Mosts physicists work in Research and Development, but Physics graduates have skills that are demanded in many different industries in both private and public sectors.
Most industrial physicists work in IT, telecommunications and related industries. However, a Physics degree can also lead to careers in finance, the energy industry, and various consultancies.
Government agencies hire physicists to conduct research, work in regulatory affairs and public policy, or almost any other area that requires workers with scientific training.
Danish government agencies are located across the country, although the highest concentration is in the Copenhagen area.
While they are unable to advise on medical treatment, physicsts are often employed within areas such as radiology, radiation oncology and nuclear medicine, in order to design, test and approve new medical technologies and equipment.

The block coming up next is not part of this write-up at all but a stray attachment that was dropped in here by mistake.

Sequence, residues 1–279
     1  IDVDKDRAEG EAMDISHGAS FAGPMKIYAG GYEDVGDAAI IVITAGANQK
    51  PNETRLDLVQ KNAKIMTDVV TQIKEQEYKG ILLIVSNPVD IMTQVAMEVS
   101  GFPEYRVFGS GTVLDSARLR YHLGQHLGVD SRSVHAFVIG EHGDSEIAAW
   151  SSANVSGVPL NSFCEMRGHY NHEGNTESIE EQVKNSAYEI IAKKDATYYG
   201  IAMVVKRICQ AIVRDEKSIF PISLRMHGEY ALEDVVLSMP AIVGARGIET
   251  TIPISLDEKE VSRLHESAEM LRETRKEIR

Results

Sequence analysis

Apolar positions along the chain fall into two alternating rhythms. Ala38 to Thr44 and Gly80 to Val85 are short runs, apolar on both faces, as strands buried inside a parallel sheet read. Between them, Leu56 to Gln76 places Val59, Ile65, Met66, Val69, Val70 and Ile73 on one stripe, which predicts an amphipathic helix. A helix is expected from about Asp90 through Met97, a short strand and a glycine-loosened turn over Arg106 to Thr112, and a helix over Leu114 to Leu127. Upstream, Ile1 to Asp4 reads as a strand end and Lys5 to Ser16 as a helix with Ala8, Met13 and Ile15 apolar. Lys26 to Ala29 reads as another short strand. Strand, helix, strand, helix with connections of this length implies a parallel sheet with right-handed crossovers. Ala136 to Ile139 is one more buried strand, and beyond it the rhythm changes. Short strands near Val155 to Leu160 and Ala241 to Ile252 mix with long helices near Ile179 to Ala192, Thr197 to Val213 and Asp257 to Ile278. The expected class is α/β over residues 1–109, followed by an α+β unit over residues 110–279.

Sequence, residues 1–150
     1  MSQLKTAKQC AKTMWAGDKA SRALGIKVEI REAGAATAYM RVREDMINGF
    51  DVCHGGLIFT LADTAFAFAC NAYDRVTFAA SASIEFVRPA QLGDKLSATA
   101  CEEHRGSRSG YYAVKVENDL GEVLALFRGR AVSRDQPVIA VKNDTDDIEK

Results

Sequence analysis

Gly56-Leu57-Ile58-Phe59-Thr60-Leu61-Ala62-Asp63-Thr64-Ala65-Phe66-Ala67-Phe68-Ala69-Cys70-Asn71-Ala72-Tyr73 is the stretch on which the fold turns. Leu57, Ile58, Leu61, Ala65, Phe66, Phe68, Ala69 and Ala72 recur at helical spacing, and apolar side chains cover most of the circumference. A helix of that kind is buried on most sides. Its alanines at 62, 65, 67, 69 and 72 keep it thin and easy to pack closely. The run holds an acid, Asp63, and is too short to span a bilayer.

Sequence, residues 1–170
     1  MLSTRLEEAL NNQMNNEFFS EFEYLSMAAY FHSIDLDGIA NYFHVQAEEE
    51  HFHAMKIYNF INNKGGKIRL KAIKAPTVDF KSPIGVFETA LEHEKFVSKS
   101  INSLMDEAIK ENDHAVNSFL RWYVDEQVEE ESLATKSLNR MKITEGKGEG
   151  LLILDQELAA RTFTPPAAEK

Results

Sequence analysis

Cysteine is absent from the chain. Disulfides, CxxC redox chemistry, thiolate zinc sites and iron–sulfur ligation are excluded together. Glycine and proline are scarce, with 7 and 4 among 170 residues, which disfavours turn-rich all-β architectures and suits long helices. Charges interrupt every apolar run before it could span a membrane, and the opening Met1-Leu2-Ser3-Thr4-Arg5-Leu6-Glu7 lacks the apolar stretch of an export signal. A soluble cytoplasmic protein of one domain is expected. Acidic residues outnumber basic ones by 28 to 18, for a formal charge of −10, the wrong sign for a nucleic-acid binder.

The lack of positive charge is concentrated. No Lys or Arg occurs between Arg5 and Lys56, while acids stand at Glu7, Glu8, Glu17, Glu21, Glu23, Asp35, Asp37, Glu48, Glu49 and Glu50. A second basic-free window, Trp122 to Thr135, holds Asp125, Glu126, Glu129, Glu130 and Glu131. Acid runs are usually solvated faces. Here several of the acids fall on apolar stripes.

If you pursue a healthcare career as a physicists, you’ll likely be working as part of a team comprised of fellow physicists, biomedical engineers, clinicians and pathologists.
Research can be conducted in many different ways. For instance, you could be based in a university, combining research with teaching; or in a public-sector research centre, helping to ensure national provisions keep pace with new discoveries.
Typically, a career in academic research will require a PhD degree.
Some physicists opt to start their own company. Being an entrepreneur requires understanding the business side of science and learning a completely new language of business plans, marketing, advertising, competitive intelligence, market analysis, cash flow, taxes, applicable regulations, intellectual property protection, financing, and much more.
If you thrive on challenge and self-reliance, this may be the career path for you.